Tuesday, February 22, 2022

Talking Their Book

My EE380 talk gained about a quarter-million page views, thanks to @markrussinovich, a shout-out from Prof. Dave Farber, and an enthusiastic review from Cory Doctorow.

Unusually for my blog, the majority of the comments weren't spam, and almost all passed moderation. Here are some hints that will help your comment survive moderation:
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Compared to most authors posting criticism of cryptocurrencies I was very lucky. The reason I started the talk by pointing out that I wasn't "talking my book" is that the discourse around cryptocurrencies has become corrupted by HODL-ers "talking their book", and that their response to critics is often toxic.

Below the fold, I look at this problem.

Phil Libin, a successful VC who emigrated from the Soviet Union as a child, compares the hype around the metaverse and web3 to Soviet propaganda:
There are no use cases. There is no single site that lets you do anything useful or at scale. It reminds me of Soviet propaganda. It's not communism yet, we are still building it, but it is coming. But if you had an uncle who went to Czechoslovakia, not to mention Western Europe, he could tell you that the life you were living was not communism. It was objectively worse than how the rest of the world lived.

Same thing with Web3. It's slow. It's not reliable. It's expensive. It's super not-secure. It's dangerous. It just doesn't work. You know that other stuff works because you see it on the rest of the internet. But you are supposed to believe in it like the Soviets were supposed to believe in a communist utopia.

I would be happy if I turn out to be wrong about Web3 because it's based on some very beautiful ideas about decentralized trust and democratizing everything.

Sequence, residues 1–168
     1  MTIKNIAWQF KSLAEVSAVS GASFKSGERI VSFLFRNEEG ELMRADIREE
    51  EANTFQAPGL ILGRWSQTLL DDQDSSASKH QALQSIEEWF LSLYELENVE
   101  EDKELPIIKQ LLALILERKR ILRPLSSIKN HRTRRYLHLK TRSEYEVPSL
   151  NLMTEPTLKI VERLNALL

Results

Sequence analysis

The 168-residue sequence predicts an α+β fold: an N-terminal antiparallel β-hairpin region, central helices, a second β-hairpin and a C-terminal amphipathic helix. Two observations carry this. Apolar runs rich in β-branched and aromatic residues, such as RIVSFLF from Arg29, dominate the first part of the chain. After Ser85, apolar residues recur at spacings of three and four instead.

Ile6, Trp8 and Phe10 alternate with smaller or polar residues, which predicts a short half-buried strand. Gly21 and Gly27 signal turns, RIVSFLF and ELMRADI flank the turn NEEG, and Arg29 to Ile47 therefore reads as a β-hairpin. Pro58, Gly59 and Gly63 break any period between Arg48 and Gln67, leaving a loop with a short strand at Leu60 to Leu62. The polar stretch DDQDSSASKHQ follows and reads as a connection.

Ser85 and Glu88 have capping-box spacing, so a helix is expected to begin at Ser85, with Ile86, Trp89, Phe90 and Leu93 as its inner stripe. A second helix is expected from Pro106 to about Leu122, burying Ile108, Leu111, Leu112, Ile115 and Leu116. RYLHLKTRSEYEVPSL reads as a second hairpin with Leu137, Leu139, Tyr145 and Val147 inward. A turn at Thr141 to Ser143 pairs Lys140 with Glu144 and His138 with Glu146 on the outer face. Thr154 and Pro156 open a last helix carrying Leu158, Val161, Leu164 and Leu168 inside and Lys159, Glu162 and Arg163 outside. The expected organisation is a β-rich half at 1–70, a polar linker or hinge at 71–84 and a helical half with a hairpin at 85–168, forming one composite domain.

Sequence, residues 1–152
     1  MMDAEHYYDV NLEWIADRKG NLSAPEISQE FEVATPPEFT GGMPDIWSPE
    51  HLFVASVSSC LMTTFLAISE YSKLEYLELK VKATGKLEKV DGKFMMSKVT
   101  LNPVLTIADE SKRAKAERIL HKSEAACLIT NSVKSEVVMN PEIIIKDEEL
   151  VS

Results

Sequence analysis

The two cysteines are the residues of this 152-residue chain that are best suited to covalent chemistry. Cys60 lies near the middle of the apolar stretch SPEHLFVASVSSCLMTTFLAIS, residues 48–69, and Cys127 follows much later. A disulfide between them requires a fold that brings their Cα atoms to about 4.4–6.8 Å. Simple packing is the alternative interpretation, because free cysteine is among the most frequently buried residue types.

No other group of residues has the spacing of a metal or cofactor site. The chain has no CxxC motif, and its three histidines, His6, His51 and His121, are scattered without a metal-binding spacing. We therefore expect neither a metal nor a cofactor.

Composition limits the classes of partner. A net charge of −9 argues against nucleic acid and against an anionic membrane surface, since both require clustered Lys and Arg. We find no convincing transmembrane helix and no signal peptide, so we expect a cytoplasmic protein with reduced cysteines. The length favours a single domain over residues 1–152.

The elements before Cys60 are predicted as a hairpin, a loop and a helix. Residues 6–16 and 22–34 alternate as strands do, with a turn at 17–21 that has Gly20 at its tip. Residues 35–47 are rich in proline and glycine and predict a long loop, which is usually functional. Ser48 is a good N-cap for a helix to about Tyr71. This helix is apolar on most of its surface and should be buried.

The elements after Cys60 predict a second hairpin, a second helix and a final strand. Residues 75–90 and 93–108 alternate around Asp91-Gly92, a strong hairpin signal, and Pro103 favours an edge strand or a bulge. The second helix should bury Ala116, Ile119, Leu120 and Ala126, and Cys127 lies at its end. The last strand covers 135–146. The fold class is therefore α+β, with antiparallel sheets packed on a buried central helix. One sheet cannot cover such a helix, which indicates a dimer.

Startups sometimes talk about a technology looking for a problem. This is worse. It is an ideology desperately looking for a problem.
And explains the propaganda as VCs "talking their book":
I don't question how genuinely they believe in Web3, but I think it is about incentives. VC firms get paid for investing. They want to raise bigger and bigger funds faster and faster. In Web3 and crypto, they found the ultimate thing that you could put an infinite amount of money into because it doesn't do anything, so there's no natural limit, and it lets them turn those funds around quickly.
But it isn't just the VCs, and the entrepreneurs they fund. In ‘Crypto Ruined My Life’: The Mental Health Crisis Hitting Bitcoin Investors Ruchira Sharma writes:
Despite the intense stress shared by some crypto investors, finding a space to discuss these experiences isn’t easy. Across Reddit and Twitter conversations around crypto, there’s usually one reaction to downturns: “Don’t be an anxiety bitch, HODL [Hold on for Dear Life]” – in other words, don’t you dare pull out. Memes regularly circulate that joke about the intense stress and torment that come with investing.